The International Affairs Budget (IAB) is the part of the U.S. budget dedicated to supporting American development and diplomatic programs, including the State Department, United States Agency for International Development (USAID), and the Peace Corps. Established on the success of the Marshall Plan after World War II, the IAB allows the U.S. to develop programs that expand democracy and free markets, fight violent extremism, confront poverty and health crises, and foster positive relationships with America’s allies. At an estimated $49.87 billion, in FY2017, U.S. foreign assistance represented just 1.2% of the total federal budget. Although this funding accounts for a minor proportion of U.S. spending, it is critical for global development. American foreign aid is used around the world to alleviate poverty and health crises, promote education programs, advance gender equality, and support democratic political transitions. International implications aside, aid is a cornerstone of American national security. In a 2017 op-ed for Politico, Admiral Mike Mullen (Ret.) and General James Jones (Ret.) highlighted the relationship between global stability and U.S. interests, writing that our security is, "advanced by the development of stable nations that are making progress on social development, economic growth and good governance; by countries that enforce the rule of law and invest in the health and education of their own people."
On February 9, 2018, following a months long political standoff between lawmakers, President Trump signed into law a two-year budget deal after its passage by Congress. Of note, the deal increased discretionary spending caps by about $300 billion over the next two years, allowing for the expansion of both military and non-defense spending, including the IAB. Congress’s deal did not specify how funding would be directed to the State Department, USAID, or other civilian foreign policy organizations - this is decided later as a part of the annual appropriations process.
In December of 2018, President Trump caused a partial government shutdown for 35 days after he demanded $5.7 billion dollars in funding for a border wall in an appropriations bill to fund part of the government. This government shutdown resulted in 42% of State Department officials in the United States and 26% of those posted overseas being furloughed. In the midst of this shutdown Secretary of State Mike Pompeo made several overseas trips, including visits to Sudan, Brazil and an 8 country tour of the Middle East.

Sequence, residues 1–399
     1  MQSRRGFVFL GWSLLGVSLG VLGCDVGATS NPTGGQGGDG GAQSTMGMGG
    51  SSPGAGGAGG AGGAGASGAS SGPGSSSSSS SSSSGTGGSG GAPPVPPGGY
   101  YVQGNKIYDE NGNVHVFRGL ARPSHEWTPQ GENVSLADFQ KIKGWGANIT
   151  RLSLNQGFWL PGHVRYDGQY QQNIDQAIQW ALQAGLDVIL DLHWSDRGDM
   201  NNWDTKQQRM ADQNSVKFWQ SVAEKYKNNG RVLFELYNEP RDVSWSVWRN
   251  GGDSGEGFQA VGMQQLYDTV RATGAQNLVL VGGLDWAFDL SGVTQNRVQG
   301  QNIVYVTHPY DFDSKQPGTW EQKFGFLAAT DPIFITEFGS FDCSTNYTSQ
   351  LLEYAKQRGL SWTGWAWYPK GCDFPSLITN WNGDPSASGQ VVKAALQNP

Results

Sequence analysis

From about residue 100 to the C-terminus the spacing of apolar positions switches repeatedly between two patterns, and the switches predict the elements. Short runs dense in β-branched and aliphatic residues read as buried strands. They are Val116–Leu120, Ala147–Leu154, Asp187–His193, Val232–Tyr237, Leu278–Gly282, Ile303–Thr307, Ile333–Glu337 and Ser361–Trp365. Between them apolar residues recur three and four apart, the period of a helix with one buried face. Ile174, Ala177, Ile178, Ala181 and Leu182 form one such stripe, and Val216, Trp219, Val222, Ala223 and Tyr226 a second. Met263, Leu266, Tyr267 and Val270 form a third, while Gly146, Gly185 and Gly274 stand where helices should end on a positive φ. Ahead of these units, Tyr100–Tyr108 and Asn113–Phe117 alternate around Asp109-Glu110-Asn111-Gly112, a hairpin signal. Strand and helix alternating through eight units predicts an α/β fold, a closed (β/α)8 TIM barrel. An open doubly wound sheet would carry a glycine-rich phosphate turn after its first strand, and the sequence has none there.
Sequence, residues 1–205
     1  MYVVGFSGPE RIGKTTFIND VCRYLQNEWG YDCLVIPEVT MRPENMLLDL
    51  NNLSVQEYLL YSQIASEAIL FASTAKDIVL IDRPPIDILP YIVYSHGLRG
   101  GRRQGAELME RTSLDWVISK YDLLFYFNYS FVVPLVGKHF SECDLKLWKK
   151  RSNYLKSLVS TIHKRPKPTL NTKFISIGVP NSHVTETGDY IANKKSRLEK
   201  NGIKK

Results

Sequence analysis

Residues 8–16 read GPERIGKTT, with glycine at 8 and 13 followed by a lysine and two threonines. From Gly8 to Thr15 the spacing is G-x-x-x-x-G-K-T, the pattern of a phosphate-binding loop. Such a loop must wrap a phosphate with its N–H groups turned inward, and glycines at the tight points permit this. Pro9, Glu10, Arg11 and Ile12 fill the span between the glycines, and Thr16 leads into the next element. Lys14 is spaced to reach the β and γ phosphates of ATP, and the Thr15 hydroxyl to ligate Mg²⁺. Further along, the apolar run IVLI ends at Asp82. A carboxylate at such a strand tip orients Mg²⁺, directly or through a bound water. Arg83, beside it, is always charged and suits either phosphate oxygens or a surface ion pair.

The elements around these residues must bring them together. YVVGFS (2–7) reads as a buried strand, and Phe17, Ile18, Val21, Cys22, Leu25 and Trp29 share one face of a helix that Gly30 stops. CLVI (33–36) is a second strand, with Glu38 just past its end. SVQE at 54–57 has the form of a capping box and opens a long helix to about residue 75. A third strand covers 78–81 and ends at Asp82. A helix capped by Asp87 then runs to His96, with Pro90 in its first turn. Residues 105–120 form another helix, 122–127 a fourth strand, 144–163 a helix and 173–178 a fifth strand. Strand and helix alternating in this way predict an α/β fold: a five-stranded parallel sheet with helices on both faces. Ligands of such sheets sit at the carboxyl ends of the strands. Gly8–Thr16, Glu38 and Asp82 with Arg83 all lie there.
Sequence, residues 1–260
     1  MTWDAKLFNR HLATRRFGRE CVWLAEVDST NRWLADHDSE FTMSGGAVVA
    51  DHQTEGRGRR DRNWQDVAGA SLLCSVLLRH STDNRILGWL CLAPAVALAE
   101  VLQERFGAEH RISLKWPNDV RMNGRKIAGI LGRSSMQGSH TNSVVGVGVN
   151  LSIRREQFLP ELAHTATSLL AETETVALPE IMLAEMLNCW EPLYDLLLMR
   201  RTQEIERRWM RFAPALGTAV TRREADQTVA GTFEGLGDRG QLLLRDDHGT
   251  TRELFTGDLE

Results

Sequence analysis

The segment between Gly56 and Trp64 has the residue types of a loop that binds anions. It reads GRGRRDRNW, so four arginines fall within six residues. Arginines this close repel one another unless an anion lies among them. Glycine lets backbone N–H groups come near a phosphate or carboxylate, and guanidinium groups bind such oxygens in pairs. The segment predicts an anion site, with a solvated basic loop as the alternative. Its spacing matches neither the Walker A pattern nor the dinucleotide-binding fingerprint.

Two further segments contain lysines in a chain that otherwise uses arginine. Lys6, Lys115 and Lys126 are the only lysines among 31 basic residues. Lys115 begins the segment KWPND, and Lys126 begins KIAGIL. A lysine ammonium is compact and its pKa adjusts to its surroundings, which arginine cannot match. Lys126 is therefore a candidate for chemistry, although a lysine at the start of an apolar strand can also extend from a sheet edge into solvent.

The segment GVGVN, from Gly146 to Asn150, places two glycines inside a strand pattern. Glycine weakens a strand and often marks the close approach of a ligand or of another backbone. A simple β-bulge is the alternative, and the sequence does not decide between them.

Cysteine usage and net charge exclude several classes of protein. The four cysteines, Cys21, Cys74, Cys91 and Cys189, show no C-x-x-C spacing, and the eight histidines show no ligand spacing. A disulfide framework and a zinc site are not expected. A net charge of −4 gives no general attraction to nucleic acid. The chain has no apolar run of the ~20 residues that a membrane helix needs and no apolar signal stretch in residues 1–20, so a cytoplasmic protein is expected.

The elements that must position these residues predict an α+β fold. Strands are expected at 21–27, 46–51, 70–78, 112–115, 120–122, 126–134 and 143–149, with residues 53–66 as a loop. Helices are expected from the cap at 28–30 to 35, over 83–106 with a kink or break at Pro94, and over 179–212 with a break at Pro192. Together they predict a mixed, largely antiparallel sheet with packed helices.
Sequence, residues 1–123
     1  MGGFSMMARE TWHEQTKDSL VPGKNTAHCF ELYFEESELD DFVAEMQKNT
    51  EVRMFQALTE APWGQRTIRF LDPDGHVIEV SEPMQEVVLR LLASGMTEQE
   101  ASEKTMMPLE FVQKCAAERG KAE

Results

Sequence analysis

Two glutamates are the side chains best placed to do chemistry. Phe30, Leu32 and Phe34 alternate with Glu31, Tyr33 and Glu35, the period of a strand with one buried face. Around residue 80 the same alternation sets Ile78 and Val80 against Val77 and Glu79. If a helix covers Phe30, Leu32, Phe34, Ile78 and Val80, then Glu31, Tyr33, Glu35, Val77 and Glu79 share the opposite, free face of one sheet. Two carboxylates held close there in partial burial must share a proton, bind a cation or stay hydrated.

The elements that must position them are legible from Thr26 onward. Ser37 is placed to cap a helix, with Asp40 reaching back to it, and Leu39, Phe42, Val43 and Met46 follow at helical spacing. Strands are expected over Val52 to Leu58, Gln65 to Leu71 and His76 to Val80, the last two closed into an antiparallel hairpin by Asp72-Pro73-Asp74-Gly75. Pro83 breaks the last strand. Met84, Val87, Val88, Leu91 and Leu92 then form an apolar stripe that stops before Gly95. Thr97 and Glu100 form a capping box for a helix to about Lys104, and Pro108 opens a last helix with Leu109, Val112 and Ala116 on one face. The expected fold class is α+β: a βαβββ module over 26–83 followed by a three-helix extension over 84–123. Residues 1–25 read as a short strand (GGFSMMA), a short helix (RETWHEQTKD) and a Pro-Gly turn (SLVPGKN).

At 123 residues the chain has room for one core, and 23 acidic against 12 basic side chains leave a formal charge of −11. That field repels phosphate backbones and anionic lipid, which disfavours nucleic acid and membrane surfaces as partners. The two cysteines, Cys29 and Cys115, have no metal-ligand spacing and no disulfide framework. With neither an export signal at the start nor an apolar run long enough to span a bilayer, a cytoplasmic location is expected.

In March 2019, President Trump released his FY20 budget, which included drastic cuts to the International Affairs budget, 24% from what was passed for FY19. The cuts come from some key areas of the International Affairs budget such as U.N Peacekeeping, humanitarian assistance funding, and international family planning. The proposal does not include any Overseas Contingency Operations (OCO) funding, all of which was allocated to the defense budget. Trump’s budget also cuts funding for humanitarian assistance by 34%, contributions to the Global Environment Facility (GEF) by 51%, contributions to UN peacekeeping operations by 27%, and funding for international family planning by 61%. These cuts, if they are approved by Congress, would undermine the U.S. role as a humanitarian actor, and a leader on the world stage, but could also significantly affect Americans’ security, including by weakening the ability of partner states to fight pandemic diseases.
WHAT YOU CAN DO
If these budget cuts go forward, it would mean closing USAID missions in countries around the world, laying off diplomats who watch over Americans traveling overseas, and reducing our capacity to prevent new crises before they begin. We simply can't let that happen.
The good news is that Congress is under no obligation to follow President Trump's budget cuts for the State Department and USAID. Call your representatives today at (202) 224-3121 and ask Congress to fully fund the International Affairs Budget. Here's what to say:
President Trump's budget cuts would impose a large reduction in resources for the U.S. diplomatic corps and development programs. That means less money to fight infectious diseases, fewer programs to recruit and retain the next generation of talented young diplomats, and less resources to provide life-saving humanitarian aid in places like Sudan or Venezuela.
We also question the President’s motives. If the State Department is weaker, who gains from that? Not the American public.
Former Secretary of Defense Jim Mattis made the case for smart, cost-saving investments in State Department and USAID when he said that if the State Department was not fully funded, then he would need to buy more ammunition. In other words, when we don’t invest in diplomacy, it shifts the burden to our military service members and the ballooning Pentagon budget.
Foreign Aid: An Introduction to U.S. Programs and Policy - Congressional Research Service
Dismantling the Foreign Service – By Nicholas Burns and Ryan C. Crocker, The New York Times
Foreign Aid Has an Enormous ROI for the U.S. and Boosts Our National Security. Don't Cut It. – By Richard Fontaine, IJR
American Leadership — We Can’t Do It for Free – By Colin Powell, The New York Times
Foreign Assistance Directly in the National Interest – By Alicia Phillips Mandaville, Center for Strategic & International Studies
Rethinking the Battlefield – By Senator Chris Murphy
STRIKE THREE: Once Again International Affairs Programs Slashed, Out of Step with Today’s Global Realities - U.S. Global Leadership Coalition
Despite Pompeo’s Call for ‘Swagger,’ Trump Slashes Diplomatic Budget - Foreign Policy
Integrated Action Plan Could Enhance Efforts to Reduce Persistent Overseas Foreign Service Vacancies - Government Accountability Office